Public Release: 

Thinking people are born fat or born thin is bad for your health

SAGE Publications

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IMAGE: In this figure, Vig. rec. = vigorous recreational activity; Mod. rec. = moderate recreational activity; Walk/bike = walking or biking for at least 10 minutes each day; Meals out = meals... view more

Credit: Mike C. Parent, PhD and Jessica L. Alquist, PhD

Los Angeles, CA (September 08, 2015) Though the belief that DNA determines weight is highly debated, it appears to be shaping people's lives. A new study finds that those who believe that weight is outside of their control have less healthy BMIs, make poorer food choices, and report lower levels of personal wellbeing than those who don't. This study was published today in Health Education and Behavior, a Society for Public Health Education journal published by SAGE.

"If an individual believes weight to be outside of the influence of diet and exercise, she or he may engage in more behaviors that are rewarding in the short term, such as eating unhealthful foods and avoiding exercise, rather than healthful behaviors with more long-term benefits for weight management," wrote study authors Dr. Mike C. Parent and Dr. Jessica L. Alquist. "By fighting the perception that weight is unchangeable, health care providers may be able to increase healthful behaviors among their patients."

Analyzing data from both medical and self-reported health measurements of 4,166 men and 4,655 women, the study authors found the following:

  • As people get older, the belief that weight is unchangeable and determined by DNA is associated with less healthy eating behavior. For example, as people age, they are less likely to examine food nutrition labels and to make fruits and vegetables available at home.

  • As people get older, the belief that weight is unchangeable is associated with less exercise.

  • As people get older, the belief that weight is unchangeable is associated with eating more frozen meals (e.g., pizza), restaurant meals and 'ready-to-eat foods' (e.g., deli foods).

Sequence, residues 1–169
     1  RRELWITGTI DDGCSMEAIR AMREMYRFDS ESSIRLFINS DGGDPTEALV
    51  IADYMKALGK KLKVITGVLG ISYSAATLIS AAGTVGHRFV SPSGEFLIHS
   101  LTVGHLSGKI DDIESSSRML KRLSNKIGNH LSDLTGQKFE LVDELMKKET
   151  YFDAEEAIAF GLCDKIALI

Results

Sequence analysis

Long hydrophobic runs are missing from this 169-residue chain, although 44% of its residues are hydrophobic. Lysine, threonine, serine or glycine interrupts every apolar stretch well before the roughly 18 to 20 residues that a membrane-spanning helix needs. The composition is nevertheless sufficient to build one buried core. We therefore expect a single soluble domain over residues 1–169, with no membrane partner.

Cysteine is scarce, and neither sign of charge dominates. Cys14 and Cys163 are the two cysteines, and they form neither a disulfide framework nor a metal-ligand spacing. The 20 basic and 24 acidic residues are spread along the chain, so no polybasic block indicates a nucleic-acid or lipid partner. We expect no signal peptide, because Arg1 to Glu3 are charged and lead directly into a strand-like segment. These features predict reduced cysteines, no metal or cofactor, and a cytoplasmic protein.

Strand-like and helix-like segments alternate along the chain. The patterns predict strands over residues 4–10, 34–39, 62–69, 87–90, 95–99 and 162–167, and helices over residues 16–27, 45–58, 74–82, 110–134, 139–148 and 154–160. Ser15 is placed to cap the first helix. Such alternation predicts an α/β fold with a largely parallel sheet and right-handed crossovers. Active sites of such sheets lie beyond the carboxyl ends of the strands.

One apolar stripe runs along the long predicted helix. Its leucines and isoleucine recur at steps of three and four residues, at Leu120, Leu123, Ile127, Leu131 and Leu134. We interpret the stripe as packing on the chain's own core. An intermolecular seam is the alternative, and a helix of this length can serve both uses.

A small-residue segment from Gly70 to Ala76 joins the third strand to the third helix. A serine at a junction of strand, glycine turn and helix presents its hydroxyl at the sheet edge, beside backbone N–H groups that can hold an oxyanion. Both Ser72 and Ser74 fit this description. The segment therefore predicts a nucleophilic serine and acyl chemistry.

"Although previous research has found gender differences in weight as a motivation for exercise and healthful eating, we did not find evidence that gender affected the relationship between health beliefs and physical activity or healthful eating," wrote the study authors. "However, we found evidence that the relationship between belief in weight changeability and exercise, healthful eating, and unhealthful eating differs by age."

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Find out more by reading the full article, "Born Fat: The Relations Between Weight Changeability Beliefs and Health Behaviors and Physical Health." For an embargoed copy of the full text, please email camille.gamboa@sagepub.com.

SAGE Founded 50 years ago by Sara Miller McCune to support the dissemination of usable knowledge and educate a global community, SAGE publishes more than 850 journals and over 800 new books each year, spanning a wide range of subject areas. A growing selection of library products includes archives, data and video. SAGE remains majority owned by our founder and after her lifetime will become owned by a charitable trust that secures the company's continued independence. Principal offices are located in Los Angeles, London, New Delhi, Singapore and Washington DC. http://www.sagepub.com

About Society for Public Health Education

The Society for Public Health Education (SOPHE) is a non-profit professional organization founded in 1950 to provide global leadership to the profession of health education and health promotion and to promote the health of society. SOPHE's 4,000 international and chapter members work in various public and private organizations to advance health education theory and research, develop disease prevention and health promotion programs, and promote public policies conducive to health. For more information, see http://www.sophe.org

Health Education & Behavior is an official publication of Society for Public Health Education.

Contact: (US) Camille Gamboa Camille.gamboa@sagepub.co.uk / Tel: 805-410-7441

(UK) Katie Baker katie.baker@sagepub.co.uk / Tel: +44 (0)20 7324 8719

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